In preparation for making your FAST Search for SharePoint environment live in your production environment, it is imperative that you have tested your crawl performance to get your baseline statistics. Once you have your baseline stats then you will be able to re-test your production environment at monthly\six monthly intervals to ensure your FAST Search environment is performing consistently and there is no service degradation.
In order to get your baseline results you need to know which perfmon counters you will need to monitor during a full crawl and what is the acceptable performance range. The FAST Servers have different roles so there will be an overlap of components during the testing. I have detailed below the main perfmon counters to monitor during a full crawl and what to look for in your results. The performance ranges that I have detailed in the results below were the outcome of working with a Microsoft FAST Search specialist so they are accurate:
Processor Utilization – (System\Processor Queue Length): This is the number of threads queued and waiting for time on the CPU. Results: Divide this by the number of CPU’s in the system; if less than 10 then the system is running well.
Useful Additional Counter – (Processor\%Processor Time\_Total): Useful to show how busy the CPU is during the crawl process.
Memory Utilization – (Memory\Pages Input/Sec): This shows the rate at which pages are read from disk to resolve hard page faults. To go into more depth, this is the number of times the system was forced to retrieve something from disk that should have been from RAM. Results: Occasional spikes are acceptable but this should generally be very low, if not zero.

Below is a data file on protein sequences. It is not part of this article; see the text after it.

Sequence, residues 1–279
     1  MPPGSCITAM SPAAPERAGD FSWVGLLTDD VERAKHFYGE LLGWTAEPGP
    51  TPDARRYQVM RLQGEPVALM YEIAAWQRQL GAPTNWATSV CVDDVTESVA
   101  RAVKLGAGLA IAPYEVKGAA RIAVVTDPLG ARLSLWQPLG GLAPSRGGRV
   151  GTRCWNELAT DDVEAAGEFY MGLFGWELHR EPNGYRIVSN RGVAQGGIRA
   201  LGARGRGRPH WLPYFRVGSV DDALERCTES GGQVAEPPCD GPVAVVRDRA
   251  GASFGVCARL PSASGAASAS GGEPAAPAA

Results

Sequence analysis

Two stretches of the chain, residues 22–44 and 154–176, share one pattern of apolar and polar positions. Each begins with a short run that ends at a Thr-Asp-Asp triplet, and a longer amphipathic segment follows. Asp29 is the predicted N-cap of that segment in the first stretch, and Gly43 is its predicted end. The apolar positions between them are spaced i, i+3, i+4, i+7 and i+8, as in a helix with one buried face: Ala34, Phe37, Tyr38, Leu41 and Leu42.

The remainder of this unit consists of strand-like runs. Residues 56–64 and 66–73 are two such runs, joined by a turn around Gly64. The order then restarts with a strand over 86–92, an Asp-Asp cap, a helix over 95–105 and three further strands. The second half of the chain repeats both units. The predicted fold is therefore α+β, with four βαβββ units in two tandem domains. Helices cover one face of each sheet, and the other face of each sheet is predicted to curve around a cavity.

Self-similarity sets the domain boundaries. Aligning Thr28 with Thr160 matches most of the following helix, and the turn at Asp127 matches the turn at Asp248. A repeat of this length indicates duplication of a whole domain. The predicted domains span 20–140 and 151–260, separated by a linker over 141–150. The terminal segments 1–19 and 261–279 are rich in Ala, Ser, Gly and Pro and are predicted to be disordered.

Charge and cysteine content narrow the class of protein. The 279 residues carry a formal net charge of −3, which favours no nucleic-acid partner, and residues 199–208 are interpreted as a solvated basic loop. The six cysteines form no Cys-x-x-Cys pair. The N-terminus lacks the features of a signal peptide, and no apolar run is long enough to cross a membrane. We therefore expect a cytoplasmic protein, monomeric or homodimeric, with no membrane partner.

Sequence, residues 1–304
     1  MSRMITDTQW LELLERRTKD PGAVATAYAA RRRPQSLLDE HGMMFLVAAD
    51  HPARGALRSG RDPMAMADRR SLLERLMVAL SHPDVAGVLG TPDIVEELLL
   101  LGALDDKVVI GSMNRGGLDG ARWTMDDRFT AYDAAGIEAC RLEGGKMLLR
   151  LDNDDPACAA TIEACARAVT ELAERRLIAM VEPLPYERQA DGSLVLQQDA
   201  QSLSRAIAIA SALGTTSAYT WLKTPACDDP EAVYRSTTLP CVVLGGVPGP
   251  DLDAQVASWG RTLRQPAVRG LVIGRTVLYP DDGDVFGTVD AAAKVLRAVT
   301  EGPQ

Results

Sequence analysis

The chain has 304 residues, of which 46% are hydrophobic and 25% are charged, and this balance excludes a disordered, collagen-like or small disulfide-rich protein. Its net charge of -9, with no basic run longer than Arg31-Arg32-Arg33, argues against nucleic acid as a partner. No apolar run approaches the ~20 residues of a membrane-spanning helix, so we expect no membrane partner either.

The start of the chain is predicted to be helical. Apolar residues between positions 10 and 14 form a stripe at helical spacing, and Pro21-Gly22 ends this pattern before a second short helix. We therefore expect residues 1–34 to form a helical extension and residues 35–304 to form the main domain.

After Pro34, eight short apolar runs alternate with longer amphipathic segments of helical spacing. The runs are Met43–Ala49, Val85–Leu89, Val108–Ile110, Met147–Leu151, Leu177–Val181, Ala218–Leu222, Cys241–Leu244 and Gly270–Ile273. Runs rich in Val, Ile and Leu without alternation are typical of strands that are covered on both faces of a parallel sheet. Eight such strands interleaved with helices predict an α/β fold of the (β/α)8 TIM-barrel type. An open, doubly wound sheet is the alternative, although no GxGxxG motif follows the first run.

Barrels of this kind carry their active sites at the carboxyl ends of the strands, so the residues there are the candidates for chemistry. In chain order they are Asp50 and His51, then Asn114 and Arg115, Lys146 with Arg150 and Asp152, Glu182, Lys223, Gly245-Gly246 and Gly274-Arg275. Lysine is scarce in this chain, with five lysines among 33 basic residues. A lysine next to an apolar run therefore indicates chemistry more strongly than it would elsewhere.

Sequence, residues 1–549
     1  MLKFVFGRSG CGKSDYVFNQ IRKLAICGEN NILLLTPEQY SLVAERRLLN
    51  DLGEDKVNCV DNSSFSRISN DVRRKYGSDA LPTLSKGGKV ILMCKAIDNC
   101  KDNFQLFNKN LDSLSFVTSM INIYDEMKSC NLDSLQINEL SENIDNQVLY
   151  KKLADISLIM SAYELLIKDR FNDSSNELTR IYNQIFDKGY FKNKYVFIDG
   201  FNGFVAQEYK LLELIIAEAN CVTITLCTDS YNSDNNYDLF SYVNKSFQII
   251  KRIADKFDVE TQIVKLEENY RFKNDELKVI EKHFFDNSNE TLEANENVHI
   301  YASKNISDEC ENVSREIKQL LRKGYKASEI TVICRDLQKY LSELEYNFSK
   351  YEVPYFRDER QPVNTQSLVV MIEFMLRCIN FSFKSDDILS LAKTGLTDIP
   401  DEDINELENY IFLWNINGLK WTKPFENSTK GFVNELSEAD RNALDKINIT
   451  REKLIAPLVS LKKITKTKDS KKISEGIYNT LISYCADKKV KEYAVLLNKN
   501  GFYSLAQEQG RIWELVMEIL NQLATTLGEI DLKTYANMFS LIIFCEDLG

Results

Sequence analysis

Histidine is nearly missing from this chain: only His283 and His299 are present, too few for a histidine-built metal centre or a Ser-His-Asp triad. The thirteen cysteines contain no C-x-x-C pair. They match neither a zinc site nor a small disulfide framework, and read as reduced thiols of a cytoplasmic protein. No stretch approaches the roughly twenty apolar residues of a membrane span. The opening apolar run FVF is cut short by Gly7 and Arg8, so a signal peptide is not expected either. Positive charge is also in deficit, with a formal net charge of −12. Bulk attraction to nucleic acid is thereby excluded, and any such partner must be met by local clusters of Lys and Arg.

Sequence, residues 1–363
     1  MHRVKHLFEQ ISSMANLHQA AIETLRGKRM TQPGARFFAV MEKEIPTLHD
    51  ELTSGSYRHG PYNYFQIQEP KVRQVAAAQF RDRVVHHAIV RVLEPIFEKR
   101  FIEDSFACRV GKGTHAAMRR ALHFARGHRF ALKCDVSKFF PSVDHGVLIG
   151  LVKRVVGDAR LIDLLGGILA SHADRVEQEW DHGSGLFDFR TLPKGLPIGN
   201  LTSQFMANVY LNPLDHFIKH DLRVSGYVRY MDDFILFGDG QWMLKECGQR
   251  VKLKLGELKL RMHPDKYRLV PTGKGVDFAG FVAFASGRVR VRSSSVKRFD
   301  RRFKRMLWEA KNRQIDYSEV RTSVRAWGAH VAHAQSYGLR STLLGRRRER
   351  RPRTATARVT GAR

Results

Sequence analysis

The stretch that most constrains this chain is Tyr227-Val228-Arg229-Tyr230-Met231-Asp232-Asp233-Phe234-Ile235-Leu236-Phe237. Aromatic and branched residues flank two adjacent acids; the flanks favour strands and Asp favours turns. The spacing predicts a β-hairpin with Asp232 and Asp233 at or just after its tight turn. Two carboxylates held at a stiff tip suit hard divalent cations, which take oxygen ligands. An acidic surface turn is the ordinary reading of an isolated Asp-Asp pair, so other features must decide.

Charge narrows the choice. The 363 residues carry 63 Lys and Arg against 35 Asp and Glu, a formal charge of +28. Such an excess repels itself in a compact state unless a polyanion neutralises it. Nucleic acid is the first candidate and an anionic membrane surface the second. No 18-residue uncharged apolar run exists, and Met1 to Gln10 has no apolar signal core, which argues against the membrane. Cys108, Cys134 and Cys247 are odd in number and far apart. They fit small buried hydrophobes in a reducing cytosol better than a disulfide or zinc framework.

Useful Additional Counter – (Process\Working Set\_Total): This will show how much memory is in the working set.
Disk Utilization – (PhysicalDisk\Current Disk Queue Length\driveletter): Highly valuable counter to monitor. This shows how many read or write requests are waiting to execute to the disk. Results: Single disks it should be idle at 2-3 or below with occasional spikes being fine. For RAID arrays, divide by the number of active spindles in the array and aim for 2-3 or below. If the queue lengths are high then you will need to look at the memory\pages input/sec counter and potentially add more RAM. Aim for zero for this counter. The disk utilization will only be apparent on the Indexing server as the processing servers will mainly be using CPU and memory to process documents.
Useful Additional Counter – (Physical Disk\Bytes/sec\_Total) shows the number of bytes per second being written to or read from disk.
Network Utilization – (Network Interface\Output Queue Length\nic name): This is the number of packets in queue waiting to be sent. Results: If there is a persistent average of more than two packets in queue then you should look to resolve the network for a bottleneck. Aim for zero packets in the queue during a crawl. (Network Interface\Packets Received Errors\nic name): This is packet errors that kept the TCP/IP stack from delivering packets to higher layers. Results: This value should be low.
Useful Additional Counter – (Network Interface\Bytes Total/sec\nic name): This monitors the number of bytes sent or received.
Once you have completed your full crawl and evaluated your results, you will have a good idea of how your FAST Search environment has coped with the volume of content you are crawling and will provide you with vital information to determine if your FAST Search topology is adequate or whether you need to add any more hardware to your servers. I would recommend Microsoft’s article on performance and capacity planning for preparing your FAST Search topology.
In addition, I can also recommend using the Performance and Analysis of Logs (PAL) tool from Codeplex. You can extract a threshold xml file which will have a number of pre-defined counters for FAST Search, which you can then use with your perfmon Data Collector Set to gather and analyse your results. The beauty of this tool is that you can add your results file (.blg file) to the application and it will analyse the results against the recommended thresholds for each counter. Very useful and an excellent way to assist in presenting your results!